With oil prices having fallen more than 50% from June 2014 to January 2015, most pundits expect more companies in the oil & gas (O&G) industry will face significant financial distress in 2015, forcing many to either consolidate or file for bankruptcy. Already this year several large oil and gas companies, like WBH Energy L.P., BPZ Resources, Dune Energy, Inc., Quicksilver Resources, Inc., American Eagle Energy Corp., ERG Resources, LLC and Duer Wagner III Oil & Gas, have filed for chapter 11 bankruptcy because they could no longer service their debt obligations and/or fund their ongoing operations.
While oil prices did rebound slightly in the Spring and Summer of 2015, the anticipation is that there will still be many oil and gas companies with the same financial distress during the second half of 2015, as oil prices remain much lower than $100 per barrel. Based on the author’s experience as debtor’s counsel and lender’s counsel in several oil and gas restructurings and workouts over the past two decades, this Article (in two parts) will discuss the oil and gas industry in the United States, the players in this industry, the financial distress experienced in this industry and the unique challenges that O&G companies face in a bankruptcy setting.
Because each of these relevant topics merits a lengthy discussion, the Article will be broken down into two parts, with the first part focusing on the trends in the industry, the players in the industry and the financial problems that some of these players are experiencing. The second part will delve into the various aspects of bankruptcy laws that are generally implicated when an O&G company files for bankruptcy protection.
Trends in U.S. Oil & Gas Production
The United States is the world’s top producer of oil and natural gas, having overtaken Russia and Saudi Arabia several years ago. The rise to the top was fueled by new drilling techniques, such as horizontal drilling and hydraulic fracturing, which have unlocked vast quantities of oil and gas from shale rock formations – especially in North Dakota and Texas.
According to the Drilling Productivity Report, dated April 2015, by the U.S. Energy Information Administration (EIA), 95% of U.S. production comes from 7 regions. These regions, spread out throughout the U.S., are known as the Bakken Shale, Eagle Ford Shale, Permian Shale, Haynesville Shale, Niobrara Shale, Marcellus Shale and Utica Shale. The diagram below demonstrates where these regions are located.
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The EIA’s more recent Drilling Report shows that, while production is expected to be down slightly from month to month, overall production in each region has increased from last year.
The Players in the Industry
Companies in the oil and gas industry are generally referred to as upstream, midstream and downstream companies. Upstream companies, also known as exploration and production (E&P) companies, find new areas where there is untapped oil and gas and drill wells for new production. The E&P companies commonly obtain the right to develop an area, drill wells and extract minerals from the subsurface through oil and gas leases entered into with the landowners or mineral interest owners. Such oil & gas leases provide E&P companies with a “working interest” in the minerals underneath the ground. This working interest grants an E&P company the exclusive right to develop and receive a net profit from the minerals produced. Because oil and gas exploration and development is extremely capital-intensive, you commonly see E&P companies farmout a portion of their working interests to other parties to assist in the development of the land and mitigate the risks of drilling unsuccessful wells.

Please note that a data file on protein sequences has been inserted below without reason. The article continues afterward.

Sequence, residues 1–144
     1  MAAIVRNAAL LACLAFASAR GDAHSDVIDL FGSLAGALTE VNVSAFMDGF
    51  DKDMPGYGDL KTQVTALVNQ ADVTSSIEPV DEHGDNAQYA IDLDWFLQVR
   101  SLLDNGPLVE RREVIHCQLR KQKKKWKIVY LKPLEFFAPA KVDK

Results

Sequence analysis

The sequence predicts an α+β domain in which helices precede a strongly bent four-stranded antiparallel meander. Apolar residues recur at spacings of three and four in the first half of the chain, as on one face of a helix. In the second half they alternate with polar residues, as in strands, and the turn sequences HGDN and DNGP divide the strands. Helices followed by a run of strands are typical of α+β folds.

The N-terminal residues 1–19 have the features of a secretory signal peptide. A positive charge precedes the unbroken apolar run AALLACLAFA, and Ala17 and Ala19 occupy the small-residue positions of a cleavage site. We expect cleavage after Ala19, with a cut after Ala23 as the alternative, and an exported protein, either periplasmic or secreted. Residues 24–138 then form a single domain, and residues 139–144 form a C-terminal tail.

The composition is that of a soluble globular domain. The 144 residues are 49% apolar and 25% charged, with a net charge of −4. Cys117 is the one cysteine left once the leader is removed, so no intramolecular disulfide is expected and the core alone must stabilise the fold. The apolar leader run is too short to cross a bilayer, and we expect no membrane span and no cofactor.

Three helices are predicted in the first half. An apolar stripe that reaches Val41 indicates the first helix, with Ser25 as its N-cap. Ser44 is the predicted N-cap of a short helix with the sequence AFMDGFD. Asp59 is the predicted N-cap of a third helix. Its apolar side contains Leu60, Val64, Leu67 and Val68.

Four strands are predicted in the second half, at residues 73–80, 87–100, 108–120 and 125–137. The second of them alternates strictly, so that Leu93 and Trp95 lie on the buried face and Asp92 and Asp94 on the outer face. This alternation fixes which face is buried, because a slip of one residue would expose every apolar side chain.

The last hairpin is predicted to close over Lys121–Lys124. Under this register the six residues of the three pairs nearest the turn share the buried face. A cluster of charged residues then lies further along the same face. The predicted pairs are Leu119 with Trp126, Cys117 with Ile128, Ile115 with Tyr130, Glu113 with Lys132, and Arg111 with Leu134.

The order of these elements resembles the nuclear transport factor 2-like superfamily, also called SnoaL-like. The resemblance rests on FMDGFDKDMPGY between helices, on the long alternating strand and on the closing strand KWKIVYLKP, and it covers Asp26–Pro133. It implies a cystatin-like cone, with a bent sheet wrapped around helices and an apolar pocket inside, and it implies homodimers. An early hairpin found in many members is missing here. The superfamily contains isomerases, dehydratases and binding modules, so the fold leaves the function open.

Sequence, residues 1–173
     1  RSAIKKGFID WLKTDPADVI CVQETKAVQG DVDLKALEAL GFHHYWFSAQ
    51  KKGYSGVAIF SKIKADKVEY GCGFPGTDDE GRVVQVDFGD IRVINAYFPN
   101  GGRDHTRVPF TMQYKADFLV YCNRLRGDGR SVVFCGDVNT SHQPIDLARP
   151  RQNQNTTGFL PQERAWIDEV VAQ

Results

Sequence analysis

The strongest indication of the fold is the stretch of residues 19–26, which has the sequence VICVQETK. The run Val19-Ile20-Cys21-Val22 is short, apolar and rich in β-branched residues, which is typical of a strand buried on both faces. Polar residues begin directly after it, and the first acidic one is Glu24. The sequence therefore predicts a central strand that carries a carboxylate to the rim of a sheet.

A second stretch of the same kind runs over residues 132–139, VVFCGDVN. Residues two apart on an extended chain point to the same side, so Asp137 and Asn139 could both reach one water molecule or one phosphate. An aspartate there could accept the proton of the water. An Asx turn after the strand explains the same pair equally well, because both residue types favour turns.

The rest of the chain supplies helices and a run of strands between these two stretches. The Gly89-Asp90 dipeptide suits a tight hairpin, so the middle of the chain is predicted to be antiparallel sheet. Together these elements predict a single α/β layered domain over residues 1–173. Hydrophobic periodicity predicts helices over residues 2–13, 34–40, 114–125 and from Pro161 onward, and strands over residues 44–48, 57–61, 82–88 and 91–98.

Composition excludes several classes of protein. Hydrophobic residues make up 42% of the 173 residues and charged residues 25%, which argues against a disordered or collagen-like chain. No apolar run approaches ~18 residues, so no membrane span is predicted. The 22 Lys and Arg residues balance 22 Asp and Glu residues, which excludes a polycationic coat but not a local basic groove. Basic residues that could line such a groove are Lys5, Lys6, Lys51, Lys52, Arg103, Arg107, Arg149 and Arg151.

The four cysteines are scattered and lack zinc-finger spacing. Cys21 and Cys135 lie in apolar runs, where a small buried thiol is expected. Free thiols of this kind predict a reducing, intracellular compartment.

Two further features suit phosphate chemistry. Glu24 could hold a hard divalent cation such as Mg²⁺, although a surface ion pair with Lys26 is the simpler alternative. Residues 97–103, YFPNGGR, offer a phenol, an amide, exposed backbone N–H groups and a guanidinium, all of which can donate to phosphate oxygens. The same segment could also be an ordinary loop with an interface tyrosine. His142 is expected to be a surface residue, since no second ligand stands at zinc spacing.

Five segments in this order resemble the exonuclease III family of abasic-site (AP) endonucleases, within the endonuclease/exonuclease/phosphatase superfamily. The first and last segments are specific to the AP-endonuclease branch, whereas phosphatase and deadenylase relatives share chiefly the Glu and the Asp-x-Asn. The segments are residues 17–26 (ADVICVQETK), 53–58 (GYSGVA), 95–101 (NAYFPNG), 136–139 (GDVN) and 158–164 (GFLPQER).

Midstream companies are the ones that ship and store oil and gas. They ultimately move the oil and gas from the production fields to the refining facilities and ultimately to the buyers. These companies commonly include pipeline companies that transport oil and gas over long distances across the U.S. After the initial pipeline transfer, midstream companies may require further transportation by land, with the use of rail and trucking companies. Barges are also required to transport oil over oceans and large bodies of water. Finally, midstream companies include storage facilities, where surplus oil and gas is stored before reaching refining facilities.
Downstream companies are the buyers who purchase and refine oil and gas into consumable products. These companies purchase and receive crude production from mid-stream companies and refine such production into gasoline and other petro-based products.
In addition to upstream, midstream and downstream companies, oil field services companies (OFS) play a significant role in the O&G industry. In general, OFS companies provide products and services to the E&P companies, but they typically are not producers of oil and natural gas themselves. For example, OFS companies often provide the rigs and other equipment used to drill wells. They also provide the massive workforce for the exploration, drilling and build out of new production facilities. As of 2013, more 10,000 companies operated in the OFS industry, ranging from Fortune 500 companies to small local retailers.
Similarly, there are companies that provide ancillary services to the people in the oil & gas industry. These ancillary services include things like providing man camps, apartments, restaurants, entertainment and other related services. These companies do not represent a significant portion of the revenue in the O&G industry, but are still tied to the success and distress in this industry.
Financial Stress in the Energy Industry